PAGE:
We did manage to get out on the trails for a hike but this was after our horse ride and some one being Sanne was in a little bit of pain from the ride so it made for a hard hike up the mountainside to get a better and closer view of Mt Fitzroy. The walk was great and we enjoyed lunch by a stunning lake with a view of Fitzroy but today its peak would be hidden in cloud.

Our plan was to leave the following day but in the early hours of the morning the wind had picked up ferociously and went about reeking havoc in the campground tearing up tents and blowing over others. Through the night you could hear people trying to fix their tents or pack them up all by torch light. The following morning we got up to see a much more empty campground. Lucky for us our new tent was holding up well but we took no chances and moved to a new spot along a fence line that blocked us almost entirely from the wind. Little did we know that we would sit here for the next two days awaiting an open window of good riding weather to head further north and back into Chile!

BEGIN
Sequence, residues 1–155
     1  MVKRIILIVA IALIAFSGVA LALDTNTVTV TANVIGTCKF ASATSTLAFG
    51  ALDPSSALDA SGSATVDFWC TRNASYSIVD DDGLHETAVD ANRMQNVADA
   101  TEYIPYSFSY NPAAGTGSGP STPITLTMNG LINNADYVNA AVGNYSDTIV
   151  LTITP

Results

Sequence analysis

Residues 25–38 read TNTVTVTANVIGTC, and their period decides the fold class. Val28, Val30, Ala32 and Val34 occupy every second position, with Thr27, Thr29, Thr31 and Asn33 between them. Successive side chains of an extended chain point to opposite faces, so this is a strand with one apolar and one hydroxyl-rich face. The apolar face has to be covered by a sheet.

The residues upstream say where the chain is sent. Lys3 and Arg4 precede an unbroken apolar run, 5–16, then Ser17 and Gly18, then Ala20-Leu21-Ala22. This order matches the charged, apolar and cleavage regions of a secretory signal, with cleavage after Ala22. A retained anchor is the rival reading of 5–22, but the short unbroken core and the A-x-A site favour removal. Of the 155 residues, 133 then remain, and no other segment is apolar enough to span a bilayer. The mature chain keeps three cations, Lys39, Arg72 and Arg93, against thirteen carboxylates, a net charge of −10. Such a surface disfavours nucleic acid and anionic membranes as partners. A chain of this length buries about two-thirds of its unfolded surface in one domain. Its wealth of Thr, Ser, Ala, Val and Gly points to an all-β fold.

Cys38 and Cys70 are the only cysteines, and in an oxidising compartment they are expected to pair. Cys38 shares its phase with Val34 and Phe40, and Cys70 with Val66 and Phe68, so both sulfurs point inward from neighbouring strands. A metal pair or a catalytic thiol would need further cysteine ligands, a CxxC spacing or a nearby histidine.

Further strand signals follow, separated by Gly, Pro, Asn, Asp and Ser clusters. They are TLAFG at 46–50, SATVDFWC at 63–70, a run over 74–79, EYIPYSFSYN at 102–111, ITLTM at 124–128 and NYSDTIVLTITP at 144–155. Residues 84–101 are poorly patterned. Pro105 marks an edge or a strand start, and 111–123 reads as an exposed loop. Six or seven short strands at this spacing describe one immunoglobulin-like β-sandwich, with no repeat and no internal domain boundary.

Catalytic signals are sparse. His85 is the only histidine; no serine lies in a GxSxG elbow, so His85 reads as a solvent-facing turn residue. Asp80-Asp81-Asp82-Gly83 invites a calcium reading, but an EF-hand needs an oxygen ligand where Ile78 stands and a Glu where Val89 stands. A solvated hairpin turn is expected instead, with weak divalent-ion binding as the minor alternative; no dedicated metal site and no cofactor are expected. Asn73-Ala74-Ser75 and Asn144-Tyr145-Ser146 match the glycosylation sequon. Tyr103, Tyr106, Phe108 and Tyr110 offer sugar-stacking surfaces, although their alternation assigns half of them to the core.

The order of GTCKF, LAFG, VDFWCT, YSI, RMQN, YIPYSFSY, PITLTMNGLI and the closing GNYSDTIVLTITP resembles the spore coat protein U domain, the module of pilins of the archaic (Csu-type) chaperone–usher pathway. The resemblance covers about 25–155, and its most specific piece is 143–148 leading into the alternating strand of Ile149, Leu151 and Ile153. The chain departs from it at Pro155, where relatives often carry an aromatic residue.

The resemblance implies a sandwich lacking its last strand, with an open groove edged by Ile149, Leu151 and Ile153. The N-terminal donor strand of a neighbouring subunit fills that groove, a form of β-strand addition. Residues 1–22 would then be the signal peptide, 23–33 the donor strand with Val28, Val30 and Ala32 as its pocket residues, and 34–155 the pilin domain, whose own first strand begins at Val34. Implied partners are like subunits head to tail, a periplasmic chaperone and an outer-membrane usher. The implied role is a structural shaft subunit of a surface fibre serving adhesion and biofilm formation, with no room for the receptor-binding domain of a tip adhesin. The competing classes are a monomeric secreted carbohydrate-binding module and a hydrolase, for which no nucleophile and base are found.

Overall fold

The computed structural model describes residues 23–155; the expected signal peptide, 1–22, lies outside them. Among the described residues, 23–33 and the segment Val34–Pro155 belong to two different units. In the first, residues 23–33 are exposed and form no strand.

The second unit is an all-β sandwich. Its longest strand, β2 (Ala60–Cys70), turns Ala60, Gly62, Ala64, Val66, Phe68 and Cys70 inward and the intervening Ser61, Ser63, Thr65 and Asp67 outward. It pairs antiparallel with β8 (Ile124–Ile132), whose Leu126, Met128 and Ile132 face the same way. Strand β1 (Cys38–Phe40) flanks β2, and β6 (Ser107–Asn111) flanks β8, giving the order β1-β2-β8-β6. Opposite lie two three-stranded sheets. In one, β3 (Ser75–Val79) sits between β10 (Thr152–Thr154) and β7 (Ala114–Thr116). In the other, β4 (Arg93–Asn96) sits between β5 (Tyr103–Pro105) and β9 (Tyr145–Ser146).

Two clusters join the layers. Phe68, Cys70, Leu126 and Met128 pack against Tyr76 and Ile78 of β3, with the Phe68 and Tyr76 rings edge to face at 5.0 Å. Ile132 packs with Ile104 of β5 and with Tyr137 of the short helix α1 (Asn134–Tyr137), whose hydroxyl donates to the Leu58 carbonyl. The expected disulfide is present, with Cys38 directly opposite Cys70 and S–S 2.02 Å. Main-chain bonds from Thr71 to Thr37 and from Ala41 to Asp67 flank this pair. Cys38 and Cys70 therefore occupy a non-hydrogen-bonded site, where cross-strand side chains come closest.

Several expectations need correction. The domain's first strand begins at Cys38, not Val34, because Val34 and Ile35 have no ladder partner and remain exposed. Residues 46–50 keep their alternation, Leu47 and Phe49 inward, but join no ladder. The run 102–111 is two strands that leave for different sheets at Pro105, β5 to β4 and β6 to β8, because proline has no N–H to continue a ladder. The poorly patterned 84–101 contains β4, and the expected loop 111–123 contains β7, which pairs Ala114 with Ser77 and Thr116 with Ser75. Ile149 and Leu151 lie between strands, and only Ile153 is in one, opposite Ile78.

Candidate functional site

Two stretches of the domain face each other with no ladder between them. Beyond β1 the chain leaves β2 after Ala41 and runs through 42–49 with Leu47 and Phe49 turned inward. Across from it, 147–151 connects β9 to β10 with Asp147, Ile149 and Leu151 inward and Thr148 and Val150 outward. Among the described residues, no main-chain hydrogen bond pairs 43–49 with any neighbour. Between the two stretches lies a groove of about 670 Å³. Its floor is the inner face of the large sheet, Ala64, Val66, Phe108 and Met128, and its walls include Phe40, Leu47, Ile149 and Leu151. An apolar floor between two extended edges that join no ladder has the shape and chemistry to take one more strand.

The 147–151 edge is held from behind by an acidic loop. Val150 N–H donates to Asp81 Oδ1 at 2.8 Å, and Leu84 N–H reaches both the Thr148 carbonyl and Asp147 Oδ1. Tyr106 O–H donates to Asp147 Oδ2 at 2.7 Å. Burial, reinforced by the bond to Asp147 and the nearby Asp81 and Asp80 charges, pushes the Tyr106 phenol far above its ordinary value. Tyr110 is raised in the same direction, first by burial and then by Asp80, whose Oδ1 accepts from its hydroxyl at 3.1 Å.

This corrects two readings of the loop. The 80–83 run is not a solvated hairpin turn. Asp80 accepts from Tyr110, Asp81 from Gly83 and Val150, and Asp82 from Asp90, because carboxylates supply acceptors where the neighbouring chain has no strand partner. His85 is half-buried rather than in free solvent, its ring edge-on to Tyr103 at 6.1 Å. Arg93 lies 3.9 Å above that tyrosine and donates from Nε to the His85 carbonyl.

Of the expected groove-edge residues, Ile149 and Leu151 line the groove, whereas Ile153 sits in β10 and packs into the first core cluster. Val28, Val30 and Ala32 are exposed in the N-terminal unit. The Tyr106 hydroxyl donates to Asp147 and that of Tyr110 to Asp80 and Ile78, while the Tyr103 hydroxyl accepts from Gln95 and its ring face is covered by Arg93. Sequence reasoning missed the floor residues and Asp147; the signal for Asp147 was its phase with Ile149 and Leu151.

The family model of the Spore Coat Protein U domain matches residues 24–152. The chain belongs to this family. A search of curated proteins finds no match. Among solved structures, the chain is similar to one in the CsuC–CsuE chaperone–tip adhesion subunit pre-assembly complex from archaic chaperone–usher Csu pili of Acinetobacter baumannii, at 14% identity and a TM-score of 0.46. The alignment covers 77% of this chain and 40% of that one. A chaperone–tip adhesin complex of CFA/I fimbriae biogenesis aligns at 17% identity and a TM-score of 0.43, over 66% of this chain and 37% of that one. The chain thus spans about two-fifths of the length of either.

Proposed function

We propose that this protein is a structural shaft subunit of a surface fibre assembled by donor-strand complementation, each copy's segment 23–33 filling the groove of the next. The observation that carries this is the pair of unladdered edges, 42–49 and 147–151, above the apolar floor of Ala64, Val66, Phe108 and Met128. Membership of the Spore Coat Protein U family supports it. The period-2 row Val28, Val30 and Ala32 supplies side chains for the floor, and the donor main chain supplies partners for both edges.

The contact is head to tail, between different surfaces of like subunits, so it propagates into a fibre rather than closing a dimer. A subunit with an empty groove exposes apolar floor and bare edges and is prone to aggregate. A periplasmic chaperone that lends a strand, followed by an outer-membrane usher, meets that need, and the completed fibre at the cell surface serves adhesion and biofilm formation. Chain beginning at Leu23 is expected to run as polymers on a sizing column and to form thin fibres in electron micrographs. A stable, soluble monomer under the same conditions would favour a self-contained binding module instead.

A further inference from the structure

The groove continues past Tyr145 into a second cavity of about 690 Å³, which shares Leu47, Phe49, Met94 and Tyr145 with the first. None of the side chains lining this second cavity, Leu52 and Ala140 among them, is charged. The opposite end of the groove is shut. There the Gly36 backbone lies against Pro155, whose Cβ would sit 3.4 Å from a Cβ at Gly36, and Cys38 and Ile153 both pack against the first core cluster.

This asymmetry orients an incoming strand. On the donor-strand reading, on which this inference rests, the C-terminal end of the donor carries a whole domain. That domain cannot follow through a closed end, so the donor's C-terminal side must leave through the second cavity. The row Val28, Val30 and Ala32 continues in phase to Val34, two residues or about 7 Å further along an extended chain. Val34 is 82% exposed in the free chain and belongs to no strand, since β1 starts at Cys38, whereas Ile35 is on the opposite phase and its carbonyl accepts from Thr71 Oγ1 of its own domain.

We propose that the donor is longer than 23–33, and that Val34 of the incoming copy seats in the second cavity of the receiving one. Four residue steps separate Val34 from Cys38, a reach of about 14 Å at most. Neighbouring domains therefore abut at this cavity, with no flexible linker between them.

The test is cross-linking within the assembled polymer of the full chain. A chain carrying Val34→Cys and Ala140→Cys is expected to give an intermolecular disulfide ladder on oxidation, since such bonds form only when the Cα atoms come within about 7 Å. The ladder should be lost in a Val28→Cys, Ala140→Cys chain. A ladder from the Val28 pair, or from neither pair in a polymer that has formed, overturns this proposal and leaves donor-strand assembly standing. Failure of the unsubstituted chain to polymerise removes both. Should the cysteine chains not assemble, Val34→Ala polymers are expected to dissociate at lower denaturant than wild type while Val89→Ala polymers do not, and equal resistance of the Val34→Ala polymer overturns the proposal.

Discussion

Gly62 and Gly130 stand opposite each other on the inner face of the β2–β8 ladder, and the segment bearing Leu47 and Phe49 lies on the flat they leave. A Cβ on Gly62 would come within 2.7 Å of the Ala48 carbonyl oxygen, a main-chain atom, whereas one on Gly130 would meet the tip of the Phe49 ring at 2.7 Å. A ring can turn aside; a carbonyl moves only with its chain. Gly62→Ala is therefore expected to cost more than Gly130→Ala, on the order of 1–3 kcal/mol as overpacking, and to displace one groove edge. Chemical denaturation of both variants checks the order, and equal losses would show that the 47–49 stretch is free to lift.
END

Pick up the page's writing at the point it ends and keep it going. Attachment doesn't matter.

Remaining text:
Beautiful wild flowers by the road side

Our campground in El Calafate

Anyone up for Maccas? McDaniels that is!

Me, Heather and Sanne at Glacier Perito Moreno

Photos do not do this place justice or show the real scale of the glacier

The darker colour of blue is where we missed the huge amount of ice break off

We did manage to catch some ice breaking off though

I told you it was windy!

 Mt Fitzroy in all its glory

The view from our campground in El Chalten

Another queue, always waiting in lines in this country, this time for 45 minutes to get fuel!

A closer shot of Fitzroy, we were lucky to get clear shots of this mountain

Sanne enjoying an afternoon on a 1 horsepower vehicle

 Stunning scenery everywhere you look

Yes, even I managed to throw a leg over a horse, it was a great way to see the local area

I found a friend...

The gang at our last night together in El Chalten

We even managed a hike up towards Fitzroy and had lunch by this lake

The view on the way back down

It is a rock climbers heaven here, they can have it!

As I said, beautiful scenery everywhere you look